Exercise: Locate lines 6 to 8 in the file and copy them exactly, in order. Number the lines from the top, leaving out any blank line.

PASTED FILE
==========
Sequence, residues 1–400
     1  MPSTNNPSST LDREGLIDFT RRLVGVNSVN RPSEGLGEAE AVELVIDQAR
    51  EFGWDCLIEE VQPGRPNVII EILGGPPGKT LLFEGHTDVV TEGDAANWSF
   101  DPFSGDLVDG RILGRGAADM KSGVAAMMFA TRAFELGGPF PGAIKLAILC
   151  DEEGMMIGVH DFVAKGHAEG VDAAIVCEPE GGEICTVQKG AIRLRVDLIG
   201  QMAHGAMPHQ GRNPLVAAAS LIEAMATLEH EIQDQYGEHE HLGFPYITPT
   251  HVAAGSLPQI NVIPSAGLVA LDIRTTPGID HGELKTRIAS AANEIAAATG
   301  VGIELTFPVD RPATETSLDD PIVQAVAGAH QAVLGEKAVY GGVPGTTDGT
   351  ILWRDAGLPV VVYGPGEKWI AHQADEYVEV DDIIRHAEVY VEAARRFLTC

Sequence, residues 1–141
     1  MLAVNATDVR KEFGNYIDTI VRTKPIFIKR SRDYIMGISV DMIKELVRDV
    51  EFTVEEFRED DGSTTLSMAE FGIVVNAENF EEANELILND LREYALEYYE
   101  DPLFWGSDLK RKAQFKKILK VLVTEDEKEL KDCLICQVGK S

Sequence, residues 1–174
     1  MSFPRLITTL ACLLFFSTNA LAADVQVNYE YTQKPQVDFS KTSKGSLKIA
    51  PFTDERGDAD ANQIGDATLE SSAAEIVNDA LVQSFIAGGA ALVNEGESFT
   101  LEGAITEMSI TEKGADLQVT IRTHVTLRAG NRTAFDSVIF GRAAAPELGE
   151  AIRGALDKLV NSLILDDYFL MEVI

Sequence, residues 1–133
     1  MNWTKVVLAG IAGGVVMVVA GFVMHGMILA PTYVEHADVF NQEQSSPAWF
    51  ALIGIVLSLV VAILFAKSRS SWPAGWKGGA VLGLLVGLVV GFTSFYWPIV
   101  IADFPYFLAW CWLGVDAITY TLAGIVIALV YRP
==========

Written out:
   201  QMAHGAMPHQ GRNPLVAAAS LIEAMATLEH EIQDQYGEHE HLGFPYITPT
   251  HVAAGSLPQI NVIPSAGLVA LDIRTTPGID HGELKTRIAS AANEIAAATG
   301  VGIELTFPVD RPATETSLDD PIVQAVAGAH QAVLGEKAVY GGVPGTTDGT